Been Swapping? I have!

So not too long ago I posted that I had participated in a September Swap at Made with Love Fabrics. We swapped zipper bags and it was really fun. When I posted my blog I received a comment from a reader who also is a blogger. Cara, is the blogger at SewingSociety.com, who reached out to me to see if I was interested in doing a blogger collab and swapping a handmade Fall item. I had some free time in my schedule so I agreed and was excited about finding a fun project. I hopped into the rabbit hole that is Pinterest and wasted a lot of hours collecting tons of ideas.

I decided to make some patchwork pumpkin placemats (Mug Rugs, actually) because hot chocolate and cookies are so much better off a pumpkin placemat! I knew I would need to cut about 2,735,184 small squares of various orange prints to make my pumpkins and I was a little stressed out about that, but then I remembered I had a small bin of 2 inch orange strips that would easily cut into 2 inch squares! YES!! I love using my precuts to make products quick and easy. These strips were leftovers from the Bonnie Hunter Punkin Patch quilt that I haven’t finished yet. 🙂

Step 1. Cut or Collect your 2 inch strips. Remember this is scrappy and all the orange shades work!

Step 2. Subcut your strips into 2 inch squares. I used a rotary cutter and a quilting ruler to make fast work of them.

Step 3. Sew your squares into rows. I went 5 wide because I wanted an odd number so I could add my stem to the middle. Press your seams in opposites directions so your rows will neatly nest together. Repeat for 4 rows.

Step 4. Turn those rows into one patchwork rectangle with a 5 by 4 configuration.

Step 5. Now cut a piece of batting and a backing piece. You can make them slightly larger and trim them down like I did. In this photo I have already stitched my top patchwork and batting piece together. I was sure to do this inside my final seam allowance. Next free hand yourself a little leaf and stem pattern. You could also print one out and make a template if needed. Sew them wrong sides together and turn them right side out to hide the seams.

Step 6. Baste your leaf and stem in place. Be aware that your stem will flip up and your leaf will stay down. Your leaf needs to be on top of the pumpkin sandwich before sewing. 🙂

Step 7. Add your backing fabric, right sides together to your pumpkin sandwich and stitch around the outer edge. Leave yourself about a 2.5 inch opening to turn your pumpkin right sides out. I marked my opening so I would not forget and sew it closed.

Step 8. Turn your pumpkin and top stitch for a finished look. The topstitching will also close the opening you left for turning. I made a set of 4, added a little handwritten note and got them in the mail and off towards Cara’s house!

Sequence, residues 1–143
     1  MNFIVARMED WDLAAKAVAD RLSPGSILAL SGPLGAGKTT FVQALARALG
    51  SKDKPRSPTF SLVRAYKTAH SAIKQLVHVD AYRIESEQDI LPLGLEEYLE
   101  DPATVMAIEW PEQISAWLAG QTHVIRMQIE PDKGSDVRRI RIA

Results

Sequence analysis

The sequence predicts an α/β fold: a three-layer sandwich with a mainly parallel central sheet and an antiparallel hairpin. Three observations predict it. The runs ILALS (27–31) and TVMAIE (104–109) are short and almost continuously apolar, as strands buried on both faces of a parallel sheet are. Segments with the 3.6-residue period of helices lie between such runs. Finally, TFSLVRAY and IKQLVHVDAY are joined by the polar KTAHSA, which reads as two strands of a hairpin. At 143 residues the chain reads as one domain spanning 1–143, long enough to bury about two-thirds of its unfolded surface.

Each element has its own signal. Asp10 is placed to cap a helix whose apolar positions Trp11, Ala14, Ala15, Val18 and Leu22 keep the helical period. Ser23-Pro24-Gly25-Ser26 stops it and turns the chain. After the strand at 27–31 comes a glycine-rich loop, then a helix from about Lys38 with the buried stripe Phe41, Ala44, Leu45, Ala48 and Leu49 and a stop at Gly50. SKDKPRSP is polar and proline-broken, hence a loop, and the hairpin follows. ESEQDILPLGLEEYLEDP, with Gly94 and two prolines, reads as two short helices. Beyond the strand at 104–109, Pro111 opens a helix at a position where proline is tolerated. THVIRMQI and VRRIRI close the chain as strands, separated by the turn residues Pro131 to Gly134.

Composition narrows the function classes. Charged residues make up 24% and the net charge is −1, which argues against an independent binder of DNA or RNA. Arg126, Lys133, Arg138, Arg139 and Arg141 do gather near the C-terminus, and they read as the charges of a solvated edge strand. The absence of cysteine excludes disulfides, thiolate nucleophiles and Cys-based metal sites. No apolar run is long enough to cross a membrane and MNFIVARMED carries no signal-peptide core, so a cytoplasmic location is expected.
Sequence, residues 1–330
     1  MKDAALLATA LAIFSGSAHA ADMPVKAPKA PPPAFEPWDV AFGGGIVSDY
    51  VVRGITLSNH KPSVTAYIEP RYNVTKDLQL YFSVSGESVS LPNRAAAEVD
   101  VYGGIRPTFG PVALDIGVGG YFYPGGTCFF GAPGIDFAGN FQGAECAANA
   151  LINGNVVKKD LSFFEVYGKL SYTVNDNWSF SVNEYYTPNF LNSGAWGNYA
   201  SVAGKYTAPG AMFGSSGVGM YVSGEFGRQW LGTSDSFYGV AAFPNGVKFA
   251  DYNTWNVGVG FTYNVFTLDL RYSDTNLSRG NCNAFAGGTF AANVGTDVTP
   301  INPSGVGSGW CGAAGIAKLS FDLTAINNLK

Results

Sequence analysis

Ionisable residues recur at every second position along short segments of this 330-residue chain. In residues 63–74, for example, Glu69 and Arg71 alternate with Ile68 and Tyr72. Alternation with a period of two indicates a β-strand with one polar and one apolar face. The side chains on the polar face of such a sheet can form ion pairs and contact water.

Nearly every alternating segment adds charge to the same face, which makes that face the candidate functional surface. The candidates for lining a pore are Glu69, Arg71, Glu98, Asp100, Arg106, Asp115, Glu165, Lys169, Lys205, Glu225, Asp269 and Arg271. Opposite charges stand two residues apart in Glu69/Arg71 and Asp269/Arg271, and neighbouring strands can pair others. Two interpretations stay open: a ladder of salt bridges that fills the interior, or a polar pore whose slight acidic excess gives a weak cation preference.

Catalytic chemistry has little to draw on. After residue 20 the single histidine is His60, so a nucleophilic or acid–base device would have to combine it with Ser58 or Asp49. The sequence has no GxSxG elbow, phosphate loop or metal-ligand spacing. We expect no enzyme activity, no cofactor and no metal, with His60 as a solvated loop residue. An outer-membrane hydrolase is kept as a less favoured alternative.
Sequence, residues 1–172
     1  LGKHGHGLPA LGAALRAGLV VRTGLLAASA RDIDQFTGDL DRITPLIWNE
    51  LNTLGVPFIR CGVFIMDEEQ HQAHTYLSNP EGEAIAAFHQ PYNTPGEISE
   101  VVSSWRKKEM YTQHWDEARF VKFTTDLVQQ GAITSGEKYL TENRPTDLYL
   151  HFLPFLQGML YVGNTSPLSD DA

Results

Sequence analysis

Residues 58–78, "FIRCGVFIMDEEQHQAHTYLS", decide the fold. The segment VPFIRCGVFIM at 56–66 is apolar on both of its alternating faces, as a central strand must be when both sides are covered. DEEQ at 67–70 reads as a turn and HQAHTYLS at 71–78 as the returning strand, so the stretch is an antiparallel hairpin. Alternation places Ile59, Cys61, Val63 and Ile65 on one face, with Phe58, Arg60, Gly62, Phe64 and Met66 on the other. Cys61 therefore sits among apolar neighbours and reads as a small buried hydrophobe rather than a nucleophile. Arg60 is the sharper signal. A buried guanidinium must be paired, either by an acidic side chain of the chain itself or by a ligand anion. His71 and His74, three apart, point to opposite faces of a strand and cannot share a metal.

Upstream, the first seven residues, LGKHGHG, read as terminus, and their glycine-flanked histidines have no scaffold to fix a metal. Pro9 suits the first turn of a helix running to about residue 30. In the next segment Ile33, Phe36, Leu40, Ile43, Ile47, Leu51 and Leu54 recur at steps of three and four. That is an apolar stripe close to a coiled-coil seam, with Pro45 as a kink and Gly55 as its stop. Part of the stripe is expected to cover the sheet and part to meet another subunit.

Two days after I mailed her package, I received mail from her! Cara thought she was going to make a doorknob hanger, but you never really know with swap items what will arrive. I opened up her padded envelope and was shocked!

It WAS a door hanger, but it was such a fun Halloween BOO themed one! It was put together with beautiful embroidery and covered in spooky things and stitched eyeballs! I loved the bright bold colors and couldn’t wait to hang it up! I have a doggo who loves to jump, so for safety sake I hung it higher than the doorknob. This is not a chew toy!

It looks awesome! Thank you again Cara for your fun swapping idea! I hope all my readers pop over to sewsociety.com to read all the wonderful posts from her. Her blog is filled with helpful hints, tricks, and tips plus pattern reviews and sewalongs. See ya next time for some more spooky fun!

Author: SequoiaLynnSews

I am a single dog mom of two and we happily reside in a small house in Ohio. We spend our days playing fetch, digging holes in the garden, and sewing, lots of sewing. We have high hopes of moving to the mountains someday. The dogs don’t really know that yet, but they will understand. I shamelessly hoard fabric and feel slightly sorry for whoever has to sort my stash when I am gone. I am employed full time in a industry that requires little of my creativity, but basically lets me wear whatever I want. So it works out. I can usually be found behind one of my sewing machine avoiding human contact. I test a lot of clothing patterns and therefore always have a new outfit to share. You have most likely found my blog through some sort of sewing outlet and will quickly realize that I am sewing for a plus size body. For reference, I am 5'1 and wear a range from a 2-5x. Sizes change with every designer and you can't trust ready to wear sizing when you are making your own clothing. Your tape measure will become one of your most used tools and if you misplace them like I do, you should pick up several. I will be sharing the good, the bad, and the A-MA-ZING with you… So stay tuned. I will also try to teach you a few of my tricks along the way. People always tells me they want to learn how to sew. My best advice is you have to start. Just do it! You are going to mess up, you will break needles, you will ruin the pretty fabric, you will stab your fingers, but you will learn. You will make something and you will wear it. Someone will say, “I like your shirt.” and you will smile and say, “Thanks, I made it.” You will race home and make something else. Pretty soon you have made more good things than bad and you will feel proud of yourself and you should. I will be proud of you too. :) Ok, that is enough rambling, I have sewing to do. :) SequoiaLynn

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